Book it in your calendar ! June 15-16 in Berlin will be another opportunity to discuss the future of Navigation, Content and Services. As a preview, here is a link to a debate to which NAVX contributed on-line with Pioneer, Aupeo! and Strategy Analytics. To be continued on stage in Berlin !
On 22 February 2011, the French website publisher 1plusV filed a complementary complaint before the European Commission, alleging abuse by Google of a dominant position. This follows an initial complaint lodged on February 2010, which led the European Commission to open in-depth investigations into Google's behaviour in November 2010. In addition to this, Google may now face a further action from 1plusV before the French courts.
The French Commercial Code allows undertakings claiming to have suffered harm from anticompetitive practices to file antitrust damages actions before French Commercial courts. Whilst few of these French antitrust damages actions have been launched to date, as they require a significant amount of time and adequate funding in order to be implemented, several of them are currently pending against Google.
The most well-known action is the one launched by the mapping content provider Navx. Navx first launched an antitrust action before the French Competition Authority, which declared that Google had implemented its online advertising service, AdWords, with a lack of objectivity and transparency which resulted in discriminatory treatment (see Community Week Issues 478, 481 and 495).
While the French Competition Authority accepted Google's commitments on 28 October 2010 and closed the procedure, Google still faces a €7 million antitrust private damages claim launched by Navx on 11 October 2010, this time before the Paris Commercial court. Another mapping company, Bottin Carto, also has a case pending against Google before the Paris Commercial court claiming €500,000 damages.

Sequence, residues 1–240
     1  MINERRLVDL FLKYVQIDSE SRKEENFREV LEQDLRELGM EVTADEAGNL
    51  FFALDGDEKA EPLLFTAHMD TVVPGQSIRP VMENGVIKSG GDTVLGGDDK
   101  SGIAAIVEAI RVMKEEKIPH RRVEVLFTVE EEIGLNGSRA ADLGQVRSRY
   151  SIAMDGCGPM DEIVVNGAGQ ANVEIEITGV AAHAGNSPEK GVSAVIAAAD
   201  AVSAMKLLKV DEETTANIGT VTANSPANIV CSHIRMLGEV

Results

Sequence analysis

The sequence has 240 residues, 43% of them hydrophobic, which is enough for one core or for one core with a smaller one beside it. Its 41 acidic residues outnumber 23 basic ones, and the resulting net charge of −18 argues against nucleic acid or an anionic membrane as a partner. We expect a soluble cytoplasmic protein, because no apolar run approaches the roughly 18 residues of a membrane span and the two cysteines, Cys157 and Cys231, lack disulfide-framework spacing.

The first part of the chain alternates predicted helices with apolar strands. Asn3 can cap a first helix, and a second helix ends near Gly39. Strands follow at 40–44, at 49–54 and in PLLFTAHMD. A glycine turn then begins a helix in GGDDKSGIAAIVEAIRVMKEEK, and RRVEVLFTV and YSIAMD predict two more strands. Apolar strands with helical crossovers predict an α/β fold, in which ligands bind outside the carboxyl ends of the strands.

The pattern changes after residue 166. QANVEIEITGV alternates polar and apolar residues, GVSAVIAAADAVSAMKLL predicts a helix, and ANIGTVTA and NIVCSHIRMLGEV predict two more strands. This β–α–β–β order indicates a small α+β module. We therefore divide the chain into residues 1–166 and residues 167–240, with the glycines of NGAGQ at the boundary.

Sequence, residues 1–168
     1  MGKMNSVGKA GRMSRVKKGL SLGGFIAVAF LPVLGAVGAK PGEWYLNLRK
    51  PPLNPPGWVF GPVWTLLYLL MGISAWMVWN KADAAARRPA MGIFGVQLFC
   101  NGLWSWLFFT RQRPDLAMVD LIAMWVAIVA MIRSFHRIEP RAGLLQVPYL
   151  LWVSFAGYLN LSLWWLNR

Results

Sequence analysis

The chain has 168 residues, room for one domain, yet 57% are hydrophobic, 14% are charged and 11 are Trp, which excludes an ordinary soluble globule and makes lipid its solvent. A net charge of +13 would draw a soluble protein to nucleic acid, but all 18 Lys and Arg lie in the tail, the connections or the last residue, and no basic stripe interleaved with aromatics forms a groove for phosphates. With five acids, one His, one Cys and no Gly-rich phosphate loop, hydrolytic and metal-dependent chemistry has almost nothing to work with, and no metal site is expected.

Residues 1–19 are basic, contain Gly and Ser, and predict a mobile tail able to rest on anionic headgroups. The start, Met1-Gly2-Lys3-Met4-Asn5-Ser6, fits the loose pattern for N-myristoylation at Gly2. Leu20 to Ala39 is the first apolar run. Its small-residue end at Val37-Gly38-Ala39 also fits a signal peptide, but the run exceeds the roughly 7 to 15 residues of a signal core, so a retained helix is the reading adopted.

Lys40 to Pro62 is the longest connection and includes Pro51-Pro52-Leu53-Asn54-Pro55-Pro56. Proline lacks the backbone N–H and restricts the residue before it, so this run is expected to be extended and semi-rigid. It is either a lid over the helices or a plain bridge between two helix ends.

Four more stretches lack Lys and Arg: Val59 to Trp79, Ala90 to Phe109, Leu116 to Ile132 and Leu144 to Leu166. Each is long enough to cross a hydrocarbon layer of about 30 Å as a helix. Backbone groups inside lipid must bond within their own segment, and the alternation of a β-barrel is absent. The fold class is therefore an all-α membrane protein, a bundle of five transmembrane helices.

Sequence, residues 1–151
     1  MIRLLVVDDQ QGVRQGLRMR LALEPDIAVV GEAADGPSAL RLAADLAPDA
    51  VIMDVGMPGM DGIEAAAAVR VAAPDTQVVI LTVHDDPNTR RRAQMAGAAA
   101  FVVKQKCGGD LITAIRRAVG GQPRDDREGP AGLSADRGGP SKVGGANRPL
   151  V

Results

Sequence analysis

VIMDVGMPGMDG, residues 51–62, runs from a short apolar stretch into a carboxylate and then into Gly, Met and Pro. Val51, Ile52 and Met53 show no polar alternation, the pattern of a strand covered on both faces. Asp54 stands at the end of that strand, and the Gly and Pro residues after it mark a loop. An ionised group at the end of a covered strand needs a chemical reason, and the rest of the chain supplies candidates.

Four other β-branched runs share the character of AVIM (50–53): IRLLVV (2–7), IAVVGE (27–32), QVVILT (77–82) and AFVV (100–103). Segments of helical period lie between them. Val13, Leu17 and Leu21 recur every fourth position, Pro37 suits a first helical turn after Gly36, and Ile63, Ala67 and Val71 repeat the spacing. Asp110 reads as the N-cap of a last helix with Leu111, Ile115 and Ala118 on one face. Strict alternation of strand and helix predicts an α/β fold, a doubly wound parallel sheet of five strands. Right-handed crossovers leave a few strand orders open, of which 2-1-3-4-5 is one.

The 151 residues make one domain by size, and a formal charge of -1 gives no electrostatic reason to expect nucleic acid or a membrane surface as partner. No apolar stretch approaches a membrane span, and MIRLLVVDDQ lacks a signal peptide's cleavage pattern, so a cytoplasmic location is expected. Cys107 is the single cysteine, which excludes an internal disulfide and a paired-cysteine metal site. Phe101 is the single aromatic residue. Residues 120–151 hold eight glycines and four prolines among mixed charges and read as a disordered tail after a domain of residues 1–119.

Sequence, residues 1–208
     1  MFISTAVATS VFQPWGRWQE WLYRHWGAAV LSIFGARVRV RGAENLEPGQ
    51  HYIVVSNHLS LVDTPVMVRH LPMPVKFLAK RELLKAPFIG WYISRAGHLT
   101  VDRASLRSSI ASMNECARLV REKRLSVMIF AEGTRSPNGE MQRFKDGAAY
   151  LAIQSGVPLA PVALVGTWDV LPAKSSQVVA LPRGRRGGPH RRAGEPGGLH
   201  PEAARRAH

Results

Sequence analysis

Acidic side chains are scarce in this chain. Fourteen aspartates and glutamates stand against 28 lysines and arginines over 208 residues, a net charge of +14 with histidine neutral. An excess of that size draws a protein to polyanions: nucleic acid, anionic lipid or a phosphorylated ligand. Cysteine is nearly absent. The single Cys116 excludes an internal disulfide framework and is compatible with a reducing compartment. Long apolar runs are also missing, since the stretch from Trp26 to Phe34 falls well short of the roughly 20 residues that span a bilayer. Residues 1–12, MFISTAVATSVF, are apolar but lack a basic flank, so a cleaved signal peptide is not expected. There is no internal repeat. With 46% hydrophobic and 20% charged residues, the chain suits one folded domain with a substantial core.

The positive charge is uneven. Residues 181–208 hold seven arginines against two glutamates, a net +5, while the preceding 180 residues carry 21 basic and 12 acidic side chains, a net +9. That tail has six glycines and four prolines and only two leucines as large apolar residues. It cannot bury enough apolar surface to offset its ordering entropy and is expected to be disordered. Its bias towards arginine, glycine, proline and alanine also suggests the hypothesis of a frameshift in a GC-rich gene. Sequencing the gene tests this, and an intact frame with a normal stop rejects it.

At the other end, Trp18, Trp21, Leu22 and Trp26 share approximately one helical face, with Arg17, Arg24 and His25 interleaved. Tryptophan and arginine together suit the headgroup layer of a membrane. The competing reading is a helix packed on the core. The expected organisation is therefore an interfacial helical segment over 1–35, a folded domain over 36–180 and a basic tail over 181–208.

Generally speaking, and even if 1plusV was to succeed in claiming a greater level of damages than that sought by Navx, the sums Google may have to pay in damages in respect of these French proceedings remains low compared to Google's turnover and ability to pay. Nevertheless, small but numerous victories against Google may still be seen as significant by stakeholders and indeed by Google itself.
NAVX will be at CEBIT in March and at Navigation Strategies Europe in June. A good opportunity to meet and share our vision of the market with the other players of the navigation and geolocalisation market. As a teaser, here are the questions we consider crucial in 2011 :
1. What is the maturity level and the utility of real time updated information in improving the overall navigation experience?